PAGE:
Germany probes second 'US spy' case
German authorities are investigating a second spy case reportedly involving the US.
Police raided properties in the Berlin area on "initial suspicion of activity for an intelligence agency", federal prosecutors say.
Daily Sueddeutsche Zeitung reported the man worked in "the military field" and is suspected of spying for the United States.
A 31-year-old German intelligence employee was arrested last week on suspicion of spying for foreign powers since 2012.
German media have reported he worked for the United States and offered his services to Russia.
The case has frayed relations between Berlin and Washington, already strained by reports last year that the National Security Agency spied on Chancellor Angela Merkel's mobile phone.
A German official said the US ambassador in Berlin went to the Foreign Ministry in Berlin today.
"We have investigations in two cases of suspected espionage, a very serious suspicion," government spokesman Steffen Seibert said.
The Sueddeutsche Zeitung said the man worked at the Defence Ministry, while Die Welt said he was a soldier in the German army who had aroused the suspicion of a military counter-intelligence agency because of close contacts to alleged US spies.
Defence Ministry spokesman Lieutenant Colonel Uwe Roth declined to confirm the reports, but said the case fell "into the ministry's area of responsibility".
He said Defence Minister Ursula von der Leyen had been informed.
The US ambassador to Berlin - John B Emerson - was at the Foreign Ministry today for a meeting with a senior official, a ministry spokesman said.
A US Embassy spokesman said the meeting was arranged yesterday at the embassy's request.
German foreign minister Frank-Walter Steinmeier said he was at a loss to understand why the US would feel the need to spy on his country.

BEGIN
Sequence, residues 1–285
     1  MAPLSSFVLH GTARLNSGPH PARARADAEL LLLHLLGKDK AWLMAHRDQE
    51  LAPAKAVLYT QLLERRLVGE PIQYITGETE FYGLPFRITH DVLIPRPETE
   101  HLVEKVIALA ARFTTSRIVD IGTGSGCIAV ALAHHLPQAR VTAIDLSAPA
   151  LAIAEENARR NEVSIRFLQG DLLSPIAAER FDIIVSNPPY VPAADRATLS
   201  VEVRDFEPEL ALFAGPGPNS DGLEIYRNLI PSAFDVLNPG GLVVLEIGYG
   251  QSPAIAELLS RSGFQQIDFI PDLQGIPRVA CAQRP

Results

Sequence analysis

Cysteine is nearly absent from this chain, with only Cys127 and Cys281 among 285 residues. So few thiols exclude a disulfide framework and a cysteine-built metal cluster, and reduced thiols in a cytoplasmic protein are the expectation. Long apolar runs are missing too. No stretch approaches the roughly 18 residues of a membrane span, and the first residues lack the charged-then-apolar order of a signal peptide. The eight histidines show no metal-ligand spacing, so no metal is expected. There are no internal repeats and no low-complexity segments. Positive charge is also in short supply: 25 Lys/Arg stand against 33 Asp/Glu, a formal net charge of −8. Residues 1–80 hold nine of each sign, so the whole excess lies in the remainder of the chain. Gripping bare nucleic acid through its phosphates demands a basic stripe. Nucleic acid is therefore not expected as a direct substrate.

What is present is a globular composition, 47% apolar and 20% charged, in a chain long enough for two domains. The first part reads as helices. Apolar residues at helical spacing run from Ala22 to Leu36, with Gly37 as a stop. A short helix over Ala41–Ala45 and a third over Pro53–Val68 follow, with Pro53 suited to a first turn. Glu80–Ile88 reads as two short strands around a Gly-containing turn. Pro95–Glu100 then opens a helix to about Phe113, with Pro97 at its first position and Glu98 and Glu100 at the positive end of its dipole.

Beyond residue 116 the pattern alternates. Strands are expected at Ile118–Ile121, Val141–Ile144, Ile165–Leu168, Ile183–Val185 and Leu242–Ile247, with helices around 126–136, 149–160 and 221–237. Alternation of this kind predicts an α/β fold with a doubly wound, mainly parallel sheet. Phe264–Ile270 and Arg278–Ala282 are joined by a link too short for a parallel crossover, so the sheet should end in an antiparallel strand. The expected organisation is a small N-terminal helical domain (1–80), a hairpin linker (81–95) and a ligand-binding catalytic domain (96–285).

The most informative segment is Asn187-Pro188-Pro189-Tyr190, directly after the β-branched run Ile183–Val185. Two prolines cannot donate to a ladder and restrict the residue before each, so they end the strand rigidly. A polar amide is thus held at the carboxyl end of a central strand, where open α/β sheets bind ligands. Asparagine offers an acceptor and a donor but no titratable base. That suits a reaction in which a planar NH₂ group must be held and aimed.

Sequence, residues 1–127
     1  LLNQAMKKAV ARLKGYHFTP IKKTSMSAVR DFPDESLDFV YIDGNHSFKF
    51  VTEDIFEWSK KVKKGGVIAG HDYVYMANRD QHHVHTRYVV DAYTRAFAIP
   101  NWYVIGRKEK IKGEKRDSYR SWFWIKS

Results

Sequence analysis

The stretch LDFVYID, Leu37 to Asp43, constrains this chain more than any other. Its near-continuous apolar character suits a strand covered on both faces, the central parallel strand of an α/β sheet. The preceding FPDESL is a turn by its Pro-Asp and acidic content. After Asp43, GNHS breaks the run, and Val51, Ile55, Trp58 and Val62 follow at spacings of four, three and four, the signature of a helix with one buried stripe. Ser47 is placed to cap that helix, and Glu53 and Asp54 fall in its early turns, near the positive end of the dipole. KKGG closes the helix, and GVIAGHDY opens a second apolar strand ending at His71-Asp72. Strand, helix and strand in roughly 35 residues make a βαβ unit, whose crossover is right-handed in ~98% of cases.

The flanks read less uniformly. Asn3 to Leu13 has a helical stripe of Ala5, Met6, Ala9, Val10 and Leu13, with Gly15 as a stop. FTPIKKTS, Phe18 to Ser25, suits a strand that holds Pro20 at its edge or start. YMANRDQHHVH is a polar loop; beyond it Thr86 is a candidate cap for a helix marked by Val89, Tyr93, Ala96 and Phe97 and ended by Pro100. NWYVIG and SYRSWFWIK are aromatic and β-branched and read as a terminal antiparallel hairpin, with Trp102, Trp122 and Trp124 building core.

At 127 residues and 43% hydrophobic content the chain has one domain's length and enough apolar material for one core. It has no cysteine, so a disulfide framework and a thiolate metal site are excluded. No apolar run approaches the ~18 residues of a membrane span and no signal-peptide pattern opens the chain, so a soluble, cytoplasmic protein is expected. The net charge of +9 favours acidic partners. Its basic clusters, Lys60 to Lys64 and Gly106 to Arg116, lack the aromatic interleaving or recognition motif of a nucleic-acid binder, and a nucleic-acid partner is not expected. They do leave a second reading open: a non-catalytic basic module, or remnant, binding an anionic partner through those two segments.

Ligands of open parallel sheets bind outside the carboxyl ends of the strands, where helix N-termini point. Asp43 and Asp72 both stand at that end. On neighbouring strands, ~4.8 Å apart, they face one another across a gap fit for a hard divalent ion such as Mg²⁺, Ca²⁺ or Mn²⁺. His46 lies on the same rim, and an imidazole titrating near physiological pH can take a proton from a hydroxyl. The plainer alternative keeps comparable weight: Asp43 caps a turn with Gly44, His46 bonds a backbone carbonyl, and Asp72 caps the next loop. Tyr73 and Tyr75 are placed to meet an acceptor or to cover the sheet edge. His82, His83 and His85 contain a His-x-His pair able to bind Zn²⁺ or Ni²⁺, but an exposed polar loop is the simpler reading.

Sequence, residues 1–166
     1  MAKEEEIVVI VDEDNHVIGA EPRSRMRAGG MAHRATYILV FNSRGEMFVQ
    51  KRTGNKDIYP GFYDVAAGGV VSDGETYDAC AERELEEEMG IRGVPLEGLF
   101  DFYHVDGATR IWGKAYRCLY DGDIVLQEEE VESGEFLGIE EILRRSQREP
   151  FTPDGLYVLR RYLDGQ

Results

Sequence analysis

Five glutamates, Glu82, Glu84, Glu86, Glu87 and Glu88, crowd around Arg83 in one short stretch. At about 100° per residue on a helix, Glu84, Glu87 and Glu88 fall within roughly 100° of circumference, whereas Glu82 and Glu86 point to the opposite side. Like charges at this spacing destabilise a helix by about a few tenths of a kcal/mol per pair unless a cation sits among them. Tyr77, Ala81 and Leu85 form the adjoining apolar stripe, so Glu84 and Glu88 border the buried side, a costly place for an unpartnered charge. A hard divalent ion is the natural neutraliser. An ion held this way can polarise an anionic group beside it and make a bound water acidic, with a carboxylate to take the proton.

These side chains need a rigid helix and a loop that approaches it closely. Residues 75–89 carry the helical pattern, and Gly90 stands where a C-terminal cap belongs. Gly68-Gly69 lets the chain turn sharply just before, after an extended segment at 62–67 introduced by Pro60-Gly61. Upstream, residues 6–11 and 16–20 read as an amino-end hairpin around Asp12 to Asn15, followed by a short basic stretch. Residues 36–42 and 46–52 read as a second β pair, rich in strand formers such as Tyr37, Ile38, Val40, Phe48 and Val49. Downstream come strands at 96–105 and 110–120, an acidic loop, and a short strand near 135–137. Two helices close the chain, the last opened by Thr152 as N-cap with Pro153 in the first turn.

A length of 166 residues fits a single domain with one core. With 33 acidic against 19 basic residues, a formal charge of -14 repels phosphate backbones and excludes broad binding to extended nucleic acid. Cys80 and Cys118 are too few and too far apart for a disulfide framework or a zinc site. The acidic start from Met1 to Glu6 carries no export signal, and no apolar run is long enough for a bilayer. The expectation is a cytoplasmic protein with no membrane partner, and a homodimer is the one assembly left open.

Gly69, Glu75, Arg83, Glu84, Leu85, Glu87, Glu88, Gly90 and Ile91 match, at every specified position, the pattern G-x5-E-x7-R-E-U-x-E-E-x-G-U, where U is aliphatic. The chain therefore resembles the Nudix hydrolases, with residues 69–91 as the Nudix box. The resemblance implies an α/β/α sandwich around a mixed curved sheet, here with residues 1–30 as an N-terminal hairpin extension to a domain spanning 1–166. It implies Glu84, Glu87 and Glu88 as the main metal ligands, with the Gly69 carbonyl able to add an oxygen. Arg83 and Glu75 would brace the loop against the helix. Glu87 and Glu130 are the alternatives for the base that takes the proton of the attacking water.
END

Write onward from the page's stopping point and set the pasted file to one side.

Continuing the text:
"We speak to each other all the time and nobody keeps their views secret," he said in an interview with Saarbruecker Zeitung. "The attempt to use conspiratorial methods to find out about Germany's position isn't just unseemly, it's unnecessary."
Lora Anne Viola, an assistant professor in American foreign policy at Berlin's John F Kennedy Institute, said the spy cases appeared to herald a new low in US-German relations.
"I think it's going to be difficult to repair this with words alone," she said. "Without partners, without Germany, it's very difficult for the US to act on the foreign stage."
She cited the case of Ukraine, where Germany has played a key role reaching out to Russia while also rallying European countries around the idea of sanctions.
Erich Schmidt-Eenboom, an expert on Germany's intelligence agencies, said the reaction in Berlin would likely have been muted at any other time.
"Without the NSA scandal there wouldn't be such a fuss. They would have resolved this the way they've done since the 1950s, which is switch off the German spy and send his American handler home.
"But the NSA scandal is forcing the German government's hand," he said. "It's been trying for months to play down the scandal so this new case has blindsided them."
Mr Schmidt-Eenboom said cooperation between the American and German intelligence agencies - particularly the CIA and its German counterpart the BND - was traditionally good.
"BND staff have always talked freely with their American counterparts, but to place a mole in a friendly agency, that's a new dimension. The German intelligence community is up in arms," he said.